One of the oldest beverages known to man, teas have always held pride of place in many cultures.
All around the world, festive occasions like weddings and birthdays are marked with tea ceremonies. While the English are known to obsess over their afternoon teas, many Asian cultures too have embraced tea as the healthier drink of choice. Numerous innovations like “bubble” teas and fruit teas have made this leafy libation cherished by both young and old.
You need the right tool for the job (Swiss Army knife courtesy of Victorinox)
Productivity is one of the main prerogatives for Singapore’s service-based and export-driven economy.
Unfortunately, it is also one of the toughest challenges to surmount.
As I’ve blogged previously, addressing our productivity challenge entails understanding what it means. This involves studying how man, method, machine, material and other means are combined to generate wealth for the enterprise in the most effective and efficient manner. Through the careful analysis and diagnosis of problem areas, organisational productivity issues can be resolved.
Was horrified by Victor Koo’s recent post on his mis-encounters with a certain leading bank in Singapore. It is certainly not just an isolated incident since I heard so many horror service stories.
I don’t know if you guys have watched this video about a customer’s frustrated attempt to cancel his AOL account. Vincent Ferrari spent more than 20 minutes on the line with a joker from AOL (who subsequently got fired it seems). I am sure we all can empathise with Vincent Ferrari some way or other.
A key reason why I enjoyed my recent vacation to Hokkaido so much was the customer experience. Let’s face it. Japanese service quality is light years ahead of ours. Almost everybody I know who visited Japan raved about it. However, they do also have certain chinks in the armour as you would see later.
First, let’s talk about what great service is. Delightful service goes beyond being polite and courteous. It looks at ensuring that every single touchpoint to a customer is taken care of. It emphasises being quick and responsive to customer’s needs. It empowers staff to be flexible and to take quick remedial action in service failures. It pays close attention to the fine details and little nuances.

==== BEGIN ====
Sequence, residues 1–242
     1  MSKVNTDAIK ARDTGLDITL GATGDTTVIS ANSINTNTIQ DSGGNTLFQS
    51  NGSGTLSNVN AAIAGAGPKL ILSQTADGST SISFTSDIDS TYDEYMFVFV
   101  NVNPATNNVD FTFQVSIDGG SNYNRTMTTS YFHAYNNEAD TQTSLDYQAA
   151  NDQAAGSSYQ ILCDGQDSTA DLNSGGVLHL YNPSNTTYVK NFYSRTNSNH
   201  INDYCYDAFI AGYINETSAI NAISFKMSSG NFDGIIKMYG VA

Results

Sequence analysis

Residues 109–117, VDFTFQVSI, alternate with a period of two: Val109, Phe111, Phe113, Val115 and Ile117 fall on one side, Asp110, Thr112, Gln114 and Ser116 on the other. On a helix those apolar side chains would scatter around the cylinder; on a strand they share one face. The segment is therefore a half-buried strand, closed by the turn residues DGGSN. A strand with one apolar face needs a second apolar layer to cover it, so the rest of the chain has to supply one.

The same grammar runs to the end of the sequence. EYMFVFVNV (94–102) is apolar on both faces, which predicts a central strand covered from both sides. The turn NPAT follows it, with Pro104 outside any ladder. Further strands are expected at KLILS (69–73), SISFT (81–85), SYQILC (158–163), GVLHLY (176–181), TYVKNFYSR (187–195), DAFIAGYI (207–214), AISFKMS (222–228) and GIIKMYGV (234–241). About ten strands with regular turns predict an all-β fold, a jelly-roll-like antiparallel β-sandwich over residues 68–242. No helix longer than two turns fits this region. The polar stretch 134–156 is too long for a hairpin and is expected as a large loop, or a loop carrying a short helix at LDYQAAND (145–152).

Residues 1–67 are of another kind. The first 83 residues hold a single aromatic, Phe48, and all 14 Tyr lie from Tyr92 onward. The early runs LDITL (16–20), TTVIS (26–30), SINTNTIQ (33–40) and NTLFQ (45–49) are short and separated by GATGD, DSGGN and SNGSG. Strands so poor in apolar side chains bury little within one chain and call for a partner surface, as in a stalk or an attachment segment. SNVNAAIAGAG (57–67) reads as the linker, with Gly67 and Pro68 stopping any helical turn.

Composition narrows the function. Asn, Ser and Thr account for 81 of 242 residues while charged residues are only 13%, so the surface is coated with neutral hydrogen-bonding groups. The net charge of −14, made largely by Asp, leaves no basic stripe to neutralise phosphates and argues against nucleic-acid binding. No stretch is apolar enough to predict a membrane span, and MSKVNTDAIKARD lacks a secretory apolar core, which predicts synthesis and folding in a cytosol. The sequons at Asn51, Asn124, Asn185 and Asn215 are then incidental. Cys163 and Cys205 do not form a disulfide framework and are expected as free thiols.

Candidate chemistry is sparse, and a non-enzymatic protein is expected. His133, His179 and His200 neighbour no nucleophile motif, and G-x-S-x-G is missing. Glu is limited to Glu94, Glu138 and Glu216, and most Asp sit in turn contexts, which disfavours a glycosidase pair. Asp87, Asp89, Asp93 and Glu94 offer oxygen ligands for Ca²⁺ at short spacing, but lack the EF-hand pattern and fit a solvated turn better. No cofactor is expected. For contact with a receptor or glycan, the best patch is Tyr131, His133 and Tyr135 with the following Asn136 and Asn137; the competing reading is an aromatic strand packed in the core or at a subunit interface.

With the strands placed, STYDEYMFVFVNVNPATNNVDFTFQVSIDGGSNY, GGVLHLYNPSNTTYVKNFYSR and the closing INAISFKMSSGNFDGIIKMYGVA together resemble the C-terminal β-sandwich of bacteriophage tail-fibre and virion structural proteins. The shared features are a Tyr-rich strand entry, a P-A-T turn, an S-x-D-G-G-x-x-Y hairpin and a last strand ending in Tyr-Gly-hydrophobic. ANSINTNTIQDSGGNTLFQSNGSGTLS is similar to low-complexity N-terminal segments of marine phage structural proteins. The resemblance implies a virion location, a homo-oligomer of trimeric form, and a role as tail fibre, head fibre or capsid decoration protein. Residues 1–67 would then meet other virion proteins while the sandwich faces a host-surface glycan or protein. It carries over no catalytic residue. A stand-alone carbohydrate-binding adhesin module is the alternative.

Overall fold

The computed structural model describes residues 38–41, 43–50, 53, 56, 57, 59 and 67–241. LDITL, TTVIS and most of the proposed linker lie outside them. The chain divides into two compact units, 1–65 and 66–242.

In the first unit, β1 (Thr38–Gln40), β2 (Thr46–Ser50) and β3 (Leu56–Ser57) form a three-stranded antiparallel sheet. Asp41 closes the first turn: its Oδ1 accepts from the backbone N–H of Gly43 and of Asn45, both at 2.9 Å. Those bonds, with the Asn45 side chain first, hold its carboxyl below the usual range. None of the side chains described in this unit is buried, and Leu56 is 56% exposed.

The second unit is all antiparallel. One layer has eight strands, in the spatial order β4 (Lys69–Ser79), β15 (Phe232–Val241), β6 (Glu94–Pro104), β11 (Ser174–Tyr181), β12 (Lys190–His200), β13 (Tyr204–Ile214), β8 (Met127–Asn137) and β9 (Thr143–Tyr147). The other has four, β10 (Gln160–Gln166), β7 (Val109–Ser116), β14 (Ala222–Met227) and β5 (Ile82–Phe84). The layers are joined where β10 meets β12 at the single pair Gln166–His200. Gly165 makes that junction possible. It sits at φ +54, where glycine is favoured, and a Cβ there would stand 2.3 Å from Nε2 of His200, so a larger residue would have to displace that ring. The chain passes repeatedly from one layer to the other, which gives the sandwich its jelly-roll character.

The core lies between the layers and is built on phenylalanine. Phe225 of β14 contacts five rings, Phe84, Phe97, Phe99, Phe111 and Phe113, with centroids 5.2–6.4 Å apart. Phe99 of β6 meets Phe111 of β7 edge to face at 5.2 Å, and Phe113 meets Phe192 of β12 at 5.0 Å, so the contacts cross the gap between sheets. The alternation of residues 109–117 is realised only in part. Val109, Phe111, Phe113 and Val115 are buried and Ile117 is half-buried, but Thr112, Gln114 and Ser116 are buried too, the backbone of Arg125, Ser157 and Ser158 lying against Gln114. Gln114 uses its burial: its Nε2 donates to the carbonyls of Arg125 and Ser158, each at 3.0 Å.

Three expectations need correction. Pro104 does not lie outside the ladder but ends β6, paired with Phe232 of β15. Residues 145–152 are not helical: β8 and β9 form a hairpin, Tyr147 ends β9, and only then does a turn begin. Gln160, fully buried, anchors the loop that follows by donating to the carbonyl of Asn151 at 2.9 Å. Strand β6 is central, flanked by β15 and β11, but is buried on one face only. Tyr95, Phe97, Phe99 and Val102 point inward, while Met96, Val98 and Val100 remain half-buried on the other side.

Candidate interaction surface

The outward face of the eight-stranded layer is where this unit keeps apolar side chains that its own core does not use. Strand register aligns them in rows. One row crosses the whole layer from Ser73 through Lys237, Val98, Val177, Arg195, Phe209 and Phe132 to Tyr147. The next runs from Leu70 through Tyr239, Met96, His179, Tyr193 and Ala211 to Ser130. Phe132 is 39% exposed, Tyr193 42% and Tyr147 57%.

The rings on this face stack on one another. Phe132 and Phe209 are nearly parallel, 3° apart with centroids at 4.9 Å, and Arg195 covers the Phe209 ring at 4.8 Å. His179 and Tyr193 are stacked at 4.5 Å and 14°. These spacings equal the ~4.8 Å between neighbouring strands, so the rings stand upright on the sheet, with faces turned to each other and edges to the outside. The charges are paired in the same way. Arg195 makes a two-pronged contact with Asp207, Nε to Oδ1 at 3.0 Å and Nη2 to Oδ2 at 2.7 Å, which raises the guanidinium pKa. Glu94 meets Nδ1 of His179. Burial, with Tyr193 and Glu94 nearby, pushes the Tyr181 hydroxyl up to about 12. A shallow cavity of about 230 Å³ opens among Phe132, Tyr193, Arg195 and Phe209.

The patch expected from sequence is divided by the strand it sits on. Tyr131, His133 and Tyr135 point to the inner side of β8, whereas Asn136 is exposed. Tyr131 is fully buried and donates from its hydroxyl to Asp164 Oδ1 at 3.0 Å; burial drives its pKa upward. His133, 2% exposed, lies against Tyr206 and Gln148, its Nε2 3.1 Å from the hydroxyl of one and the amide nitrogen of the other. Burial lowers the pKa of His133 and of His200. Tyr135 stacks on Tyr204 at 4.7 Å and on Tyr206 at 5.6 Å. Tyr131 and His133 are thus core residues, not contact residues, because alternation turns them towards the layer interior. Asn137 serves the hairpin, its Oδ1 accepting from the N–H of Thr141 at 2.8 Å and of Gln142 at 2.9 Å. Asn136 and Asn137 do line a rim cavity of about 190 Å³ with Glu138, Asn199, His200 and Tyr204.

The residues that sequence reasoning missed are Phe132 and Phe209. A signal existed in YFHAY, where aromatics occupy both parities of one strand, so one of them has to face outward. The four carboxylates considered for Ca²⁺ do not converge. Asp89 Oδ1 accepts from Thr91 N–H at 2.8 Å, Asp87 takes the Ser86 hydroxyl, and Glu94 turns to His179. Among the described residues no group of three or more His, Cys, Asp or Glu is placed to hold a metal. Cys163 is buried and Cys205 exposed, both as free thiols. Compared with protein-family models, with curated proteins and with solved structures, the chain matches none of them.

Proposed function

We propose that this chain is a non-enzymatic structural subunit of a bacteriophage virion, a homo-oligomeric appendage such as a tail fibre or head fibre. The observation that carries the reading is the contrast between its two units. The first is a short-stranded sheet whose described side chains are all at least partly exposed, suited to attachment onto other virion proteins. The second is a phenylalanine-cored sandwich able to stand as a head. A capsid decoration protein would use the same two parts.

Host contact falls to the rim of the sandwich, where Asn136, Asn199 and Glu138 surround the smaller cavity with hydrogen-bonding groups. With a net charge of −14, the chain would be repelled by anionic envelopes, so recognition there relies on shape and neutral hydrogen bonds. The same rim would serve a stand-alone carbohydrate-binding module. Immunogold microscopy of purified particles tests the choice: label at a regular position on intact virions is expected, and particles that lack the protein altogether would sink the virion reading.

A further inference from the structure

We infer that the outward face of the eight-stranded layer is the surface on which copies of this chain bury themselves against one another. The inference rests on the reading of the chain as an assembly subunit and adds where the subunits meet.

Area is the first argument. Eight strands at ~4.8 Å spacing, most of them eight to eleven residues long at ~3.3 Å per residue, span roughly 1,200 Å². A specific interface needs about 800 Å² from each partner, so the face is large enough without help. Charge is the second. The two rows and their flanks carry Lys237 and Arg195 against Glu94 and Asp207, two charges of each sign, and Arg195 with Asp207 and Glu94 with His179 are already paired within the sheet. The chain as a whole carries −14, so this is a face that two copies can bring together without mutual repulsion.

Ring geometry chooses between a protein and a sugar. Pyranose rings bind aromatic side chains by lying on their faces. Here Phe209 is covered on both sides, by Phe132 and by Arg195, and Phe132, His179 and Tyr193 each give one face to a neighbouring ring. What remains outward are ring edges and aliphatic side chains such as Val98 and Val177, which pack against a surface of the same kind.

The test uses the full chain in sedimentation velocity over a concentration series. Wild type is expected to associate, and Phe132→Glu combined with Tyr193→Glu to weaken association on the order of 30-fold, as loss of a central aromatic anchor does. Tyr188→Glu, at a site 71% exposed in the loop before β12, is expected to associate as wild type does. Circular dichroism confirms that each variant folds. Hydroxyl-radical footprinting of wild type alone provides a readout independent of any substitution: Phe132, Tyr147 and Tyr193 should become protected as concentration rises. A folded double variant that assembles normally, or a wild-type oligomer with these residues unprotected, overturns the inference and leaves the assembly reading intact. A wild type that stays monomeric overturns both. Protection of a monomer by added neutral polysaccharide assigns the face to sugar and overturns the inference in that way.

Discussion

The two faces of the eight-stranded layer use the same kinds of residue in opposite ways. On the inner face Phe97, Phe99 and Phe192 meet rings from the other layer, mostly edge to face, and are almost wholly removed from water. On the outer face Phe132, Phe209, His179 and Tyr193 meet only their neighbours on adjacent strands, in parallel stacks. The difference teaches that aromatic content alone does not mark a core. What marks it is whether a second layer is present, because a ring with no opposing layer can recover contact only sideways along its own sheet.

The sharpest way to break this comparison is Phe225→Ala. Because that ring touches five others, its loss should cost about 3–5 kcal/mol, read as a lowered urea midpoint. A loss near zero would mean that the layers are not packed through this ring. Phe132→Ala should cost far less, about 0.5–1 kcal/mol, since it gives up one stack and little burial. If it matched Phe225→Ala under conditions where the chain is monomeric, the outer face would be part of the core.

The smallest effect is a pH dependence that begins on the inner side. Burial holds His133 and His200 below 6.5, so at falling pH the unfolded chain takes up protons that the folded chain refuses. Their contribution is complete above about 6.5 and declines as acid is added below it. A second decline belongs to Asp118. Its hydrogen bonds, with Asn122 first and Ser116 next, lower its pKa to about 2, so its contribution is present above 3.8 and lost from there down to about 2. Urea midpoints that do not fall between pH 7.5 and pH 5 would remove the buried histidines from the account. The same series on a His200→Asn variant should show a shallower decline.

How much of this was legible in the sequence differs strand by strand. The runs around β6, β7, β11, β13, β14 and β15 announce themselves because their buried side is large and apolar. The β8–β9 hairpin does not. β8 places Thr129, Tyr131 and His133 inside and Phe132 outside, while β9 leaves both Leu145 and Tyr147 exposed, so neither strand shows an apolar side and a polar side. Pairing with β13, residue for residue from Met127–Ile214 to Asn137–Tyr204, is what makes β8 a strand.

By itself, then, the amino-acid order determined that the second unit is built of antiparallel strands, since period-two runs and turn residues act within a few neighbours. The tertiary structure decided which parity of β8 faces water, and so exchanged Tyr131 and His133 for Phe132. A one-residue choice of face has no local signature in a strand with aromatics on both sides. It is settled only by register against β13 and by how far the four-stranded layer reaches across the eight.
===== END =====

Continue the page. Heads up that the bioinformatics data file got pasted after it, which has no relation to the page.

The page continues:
I came across this post from marketing guru Seth Godin about service on an airline. Thought it was interesting enough to share.
Joel Spolsky shares this great story from a flight attendant:
Alright, I am gonna dote on my company for a few minutes. As most everyone on here is probably familiar with, last night was a nightmare for people travelling to and from the Northeast. We currently have 5 flights a day from CMH, 4 to/from JFK and 1 to/from BOS. Last night, out of CMH alone, Delta cancelled 3 flights, American cancelled 2, and Continental cancelled 1 and those are just flights that I know of. After we found out that our flight was delayed until 2223, the captain and the rest of us station employees decided to pool our money and we purchased pizza for all passengers on board our aircraft. Since the pizza place wouldn’t deliver to the airport, one of our crewmembers volunteered to go pick it up. Once the pizza was brought back, the passengers were boarded, our live tv and xm were turned on and the pizza was served by ALL the crew, not just the flight attendants. The Captain, FO and other airport crewmembers went above and beyond. Granted I may be a little biased, but I was glad to be here last night. The feeling of seeing that plane take off and those people get to where they are going, even if they were late was pretty darn good. Not too many other airlines that I know of will do that for their customers.
It’s not just “not too many other airlines…”, it’s, “not too many employees.” Wanna bet she had more fun than most flight attendants that day?
I wonder if we will ever encounter this in Singapore? It would be great to have char kway teow or chicken rice delivered to us on a delayed flight!